from http://www.antiochian.org/node/16892

Tuesday, December 27, 2011

20,000 Martyrs of Nicomedia

20,000 Martyrs of Nicomedia

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Commemorated on December 28
At the beginning of the fourth century, Emperor Maximian (284-305) gave orders to destroy Christian churches, to burn service books, and to deprive all Christians of rights and privileges of citizenship. At this time, the bishop of the city of Nicomedia was St. Cyril, who by his preaching and life contributed to the spread of Christianity, so that many members of the emperor’s court secretly became Christians.

The pagan priestess, Domna, was living in the palace at that time, but was able to obtain a copy of the Acts of the Apostles and the Epistles of St. Paul. Her heart burned with the desire to learn more about Christianity. With the help of a young Christian girl, Domna secretly went to Bishop Anthimus with her faithful servant, the eunuch Indes. St. Anthimus catechized them, and both received holy Baptism.

Domna began to help the poor – she gave away her valuables with the assistance of Indes, and she also distributed food from the imperial kitchen. The chief eunuch, who was in charge of provisions for the imperial household, discovered that Domna and Indes were not eating the food sent them from the emperor’s table. He had them beaten in order to find out why they did not partake of the food, but they remained silent. Another eunuch informed him that the saints were distributing all the emperor’s gifts to the poor. He locked them up in prison to exhaust them with hunger, but an angel supported them and they did not suffer. St. Domna feigned insanity so she wouldn’t have to live among the pagans. Then she and Indes managed to leave the court, and she went to a women’s monastery. The abbess of the monastery, Agatha, quickly dressed Domna in men’s clothing, cut her hair and sent her off from the monastery.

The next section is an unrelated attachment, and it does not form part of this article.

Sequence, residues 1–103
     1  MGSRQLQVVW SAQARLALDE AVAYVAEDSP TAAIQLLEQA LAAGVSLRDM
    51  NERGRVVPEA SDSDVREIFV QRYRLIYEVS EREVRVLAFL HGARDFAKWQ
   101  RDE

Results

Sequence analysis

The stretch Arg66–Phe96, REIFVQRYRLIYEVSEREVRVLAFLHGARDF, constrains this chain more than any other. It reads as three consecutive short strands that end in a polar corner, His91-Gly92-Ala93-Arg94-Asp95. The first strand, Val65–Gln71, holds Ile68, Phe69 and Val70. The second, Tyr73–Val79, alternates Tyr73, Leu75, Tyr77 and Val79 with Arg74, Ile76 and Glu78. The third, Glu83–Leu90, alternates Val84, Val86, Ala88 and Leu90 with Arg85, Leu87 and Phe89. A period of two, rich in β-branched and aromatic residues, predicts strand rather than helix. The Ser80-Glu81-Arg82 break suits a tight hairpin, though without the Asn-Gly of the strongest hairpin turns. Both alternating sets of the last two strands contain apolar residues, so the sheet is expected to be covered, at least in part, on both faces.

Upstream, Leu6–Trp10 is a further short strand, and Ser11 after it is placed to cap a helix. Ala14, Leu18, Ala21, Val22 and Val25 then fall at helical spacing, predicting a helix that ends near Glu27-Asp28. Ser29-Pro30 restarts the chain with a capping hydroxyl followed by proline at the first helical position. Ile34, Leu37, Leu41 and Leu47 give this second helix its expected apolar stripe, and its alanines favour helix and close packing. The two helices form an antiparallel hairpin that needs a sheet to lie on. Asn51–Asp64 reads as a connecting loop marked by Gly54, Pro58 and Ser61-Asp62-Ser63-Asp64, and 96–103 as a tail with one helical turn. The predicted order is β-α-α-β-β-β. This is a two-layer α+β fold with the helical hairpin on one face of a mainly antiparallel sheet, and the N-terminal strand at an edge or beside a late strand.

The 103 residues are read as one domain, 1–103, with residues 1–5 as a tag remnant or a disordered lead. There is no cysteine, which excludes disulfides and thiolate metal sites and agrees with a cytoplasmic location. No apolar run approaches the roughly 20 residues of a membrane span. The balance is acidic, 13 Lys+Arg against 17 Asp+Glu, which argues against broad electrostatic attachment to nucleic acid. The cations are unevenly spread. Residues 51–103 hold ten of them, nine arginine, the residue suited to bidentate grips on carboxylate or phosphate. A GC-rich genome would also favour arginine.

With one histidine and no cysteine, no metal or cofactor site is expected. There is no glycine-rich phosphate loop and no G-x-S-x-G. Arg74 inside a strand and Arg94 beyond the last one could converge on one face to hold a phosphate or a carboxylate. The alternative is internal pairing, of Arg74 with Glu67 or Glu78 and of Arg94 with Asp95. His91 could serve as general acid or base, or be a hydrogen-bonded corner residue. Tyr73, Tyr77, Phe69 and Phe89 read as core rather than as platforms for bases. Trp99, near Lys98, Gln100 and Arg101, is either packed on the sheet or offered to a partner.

During this time, the emperor returned from battle and ordered that a search be made for the former pagan priestess Domna. The soldiers found the monastery where Domna had stayed and destroyed it. The sisters were thrown into prison and subjected to torture and abuse, but none o them suffered defilement. Sent to a house of iniquity, St. Theophila was able to preserve her virginity with the help of an angel of the Lord. The angel led her from the brothel and brought her to the cathedral.


Shortly thereafter, the emperor cleared the city square to offer sacrifice to the pagan gods. When they began sprinkling the crowd with the blood of the sacrificial animals, the Christians started to leave the square. Seeing this, the emperor became enraged, but in the middle of his ranting, a great thunderstorm sprang up. People fled in panic, and the emperor had to hide in his palace for his own safety.